Places of heritage significance to a local area (called 'heritage places') can be protected by a Heritage Overlay.
Heritage Overlays are part of local council planning schemes. They help protect the heritage of a local area. Heritage Overlays include places of local significance as well as places included in the Victorian Heritage Register.
Read Heritage listings explained to find out more about the difference between local and state listing.
Identifying heritage places
How are potential heritage places identified?
Most local heritage places are identified through a municipal heritage study, carried out by a heritage consultant. Usually, the community and local historical societies are invited to nominate places of potential heritage significance. These places are then assessed to determine whether the place is significant and warrants state or local heritage protection.
How are they assessed?
Heritage assessments are carried out by qualified and experienced professionals.
Assessment reports usually include a history and description of the place, its condition and integrity, and a Statement of Significance. The Statement of Significance generally identifies 'what' is important, 'why' it is important and `how' it is significant.
What is the role of local councils?
Local councils record and protect places of value to the local community. Heritage places important to a local community are identified within the local planning scheme and protected through a Heritage Overlay.
Councils are responsible for issuing planning permits for the use and development of heritage places under the Planning and Environment Act 1987.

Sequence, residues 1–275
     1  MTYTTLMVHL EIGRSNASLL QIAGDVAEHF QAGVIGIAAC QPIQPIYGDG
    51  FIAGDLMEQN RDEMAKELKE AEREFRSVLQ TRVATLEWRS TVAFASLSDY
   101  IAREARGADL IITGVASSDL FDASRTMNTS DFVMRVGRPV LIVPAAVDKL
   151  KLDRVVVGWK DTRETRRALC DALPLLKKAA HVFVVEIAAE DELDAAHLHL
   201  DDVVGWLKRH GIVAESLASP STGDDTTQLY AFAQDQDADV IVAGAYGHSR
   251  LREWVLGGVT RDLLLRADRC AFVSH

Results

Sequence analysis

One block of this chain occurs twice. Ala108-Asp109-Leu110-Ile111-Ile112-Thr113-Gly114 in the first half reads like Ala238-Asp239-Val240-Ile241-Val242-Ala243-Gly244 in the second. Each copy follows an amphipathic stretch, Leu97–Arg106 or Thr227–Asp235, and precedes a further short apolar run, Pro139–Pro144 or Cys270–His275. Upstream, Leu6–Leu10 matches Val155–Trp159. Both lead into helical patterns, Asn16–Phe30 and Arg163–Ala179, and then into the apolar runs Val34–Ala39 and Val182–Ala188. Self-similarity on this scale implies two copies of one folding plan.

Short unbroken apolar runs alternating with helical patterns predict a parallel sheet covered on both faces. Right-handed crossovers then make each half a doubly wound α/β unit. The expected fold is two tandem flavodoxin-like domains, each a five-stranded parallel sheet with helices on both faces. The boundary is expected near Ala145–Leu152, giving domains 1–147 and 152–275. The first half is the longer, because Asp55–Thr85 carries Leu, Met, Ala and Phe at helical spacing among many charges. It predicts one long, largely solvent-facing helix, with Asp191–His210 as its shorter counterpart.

Heritage Overlays and planning permits
Local heritage places are listed in a schedule to the Heritage Overlay in the planning scheme. Places listed in the schedule to the heritage overlay are also shown on the planning scheme map.
Under the Heritage Overlay, a planning permit is required from the council to:
- subdivide land
- demolish or remove a building (including part of a building)
- construct a building (including part of a building or a fence)
- externally alter a building
- construct or carry out works
- construct or display a sign
- externally paint an unpainted surface
- externally paint a building if the painting constitutes an advertisement.
Sometimes, external paint controls, internal alteration controls and control over trees may also apply. The Schedule to the Heritage Overlay will identify any such additional controls.
The Heritage Overlay will not always apply to the whole of the land. Refer to planning scheme maps for the extent of the overlay. Property owners and developers are strongly encouraged to discuss proposals with council before committing to a project.
Making changes to a property protected by a Heritage Overlay
Within a heritage area or precinct, the main objective is to ensure conservation of elements that contribute to the area's significance.
Not every building or landscape element will be significant. Removing or altering non-contributory elements or developing these sites is not usually a major concern.